Max Fisher: We did a post just rounding up tweets from arms control analysts on what they’re saying about the Iran deal, and it was really hard to find arms control analysts who seem to be critical of the deal on the non-proliferation merits. Maybe there are some we just missed, but it seems like the consensus was overwhelmingly positive, which was so interesting to me because it’s very different from the conversation among Middle East policy analysts, which is much more divided. Why do you think that is?

Jeffrey Lewis: If you are interested in the non-proliferation piece — how to say this. As a deal, this is what deals look like. Actually, they usually don’t look this good. So if you don’t know that…

When I read people saying, you know, “I can’t believe we’re making a deal with these morally dubious people,” I understand why a regional security specialist might feel that way.

But when you work in the arms control field, they’re all morally dubious people! These are people who are building nuclear weapons, there are no not-morally-dubious people involved. So, when you take that out of the equation, you end up just looking at, “Do these limits slow them down, are they verifiable, are we likely to catch them if they cheat, are we likely to have enough time to do anything.”


I agree, and think this is critical. Israel’s long-term interests will be served better by becoming more friendly with the Shia (and anti-Islamist Sunni governments like Egypt’s) than the increasingly crazy and Wahhabist-influenced Sunni world. America seems to be starting a painful, gradual, and uneven realignment away from Saudi Arabia and its sympathizers; China has been showing some strains in its relationships with Pakistan and Turkey; and India has been catering less to the Sunni Middle East than ever. It’s fine if Israel wants to have a realpolitik attitude with the hostile countries that surround it, but it should at least think long-term like the other world powers.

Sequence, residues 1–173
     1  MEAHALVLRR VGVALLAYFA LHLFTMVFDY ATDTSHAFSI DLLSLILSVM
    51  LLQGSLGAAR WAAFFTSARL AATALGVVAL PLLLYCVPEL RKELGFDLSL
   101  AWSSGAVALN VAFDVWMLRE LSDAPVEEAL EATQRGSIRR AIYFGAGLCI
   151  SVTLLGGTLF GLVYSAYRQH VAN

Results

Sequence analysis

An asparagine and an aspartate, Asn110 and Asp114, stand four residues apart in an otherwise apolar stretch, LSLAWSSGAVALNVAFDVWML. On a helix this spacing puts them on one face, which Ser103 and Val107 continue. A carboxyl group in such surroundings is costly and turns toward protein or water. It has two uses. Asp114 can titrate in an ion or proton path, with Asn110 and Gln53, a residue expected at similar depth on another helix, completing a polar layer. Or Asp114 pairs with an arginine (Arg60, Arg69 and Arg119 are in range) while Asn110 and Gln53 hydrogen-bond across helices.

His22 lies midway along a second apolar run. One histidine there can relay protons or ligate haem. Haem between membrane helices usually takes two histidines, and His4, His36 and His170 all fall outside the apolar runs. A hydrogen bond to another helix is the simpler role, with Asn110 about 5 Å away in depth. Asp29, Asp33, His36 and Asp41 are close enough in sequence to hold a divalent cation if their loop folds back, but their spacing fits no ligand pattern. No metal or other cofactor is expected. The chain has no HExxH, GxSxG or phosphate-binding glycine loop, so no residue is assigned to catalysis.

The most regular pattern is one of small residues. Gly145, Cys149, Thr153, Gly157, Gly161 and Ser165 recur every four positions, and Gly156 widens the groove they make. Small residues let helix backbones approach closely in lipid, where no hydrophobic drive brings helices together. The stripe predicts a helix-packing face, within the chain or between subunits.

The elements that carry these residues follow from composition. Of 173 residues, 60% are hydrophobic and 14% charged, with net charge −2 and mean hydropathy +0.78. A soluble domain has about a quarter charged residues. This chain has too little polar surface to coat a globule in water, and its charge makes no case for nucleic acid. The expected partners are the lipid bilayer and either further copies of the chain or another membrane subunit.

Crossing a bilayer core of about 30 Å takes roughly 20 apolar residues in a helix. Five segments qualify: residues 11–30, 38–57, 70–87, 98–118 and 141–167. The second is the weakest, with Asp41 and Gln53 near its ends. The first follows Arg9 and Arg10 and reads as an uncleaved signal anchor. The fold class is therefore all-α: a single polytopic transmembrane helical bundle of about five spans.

All excellent points, Mr. Wombat. I’ve spoken about Pakistani nukes in the past, and they likewise scare me much more than Iran. The country is home to countless extremists and can’t claim to be in control of vast swathes of its own territory. The world’s highest potential for loose nukes lies in Pakistan. Only North Korea’s erratic regime is more dangerous. Iranian possession of atomic weaponry would be far less worrisome, on a par with the arsenal of Israel itself. Dealing with them instead of antagonizing them makes much more sense. Deals have a good chance of working, while antagonism guarantees they’ll build a bomb if they really want to.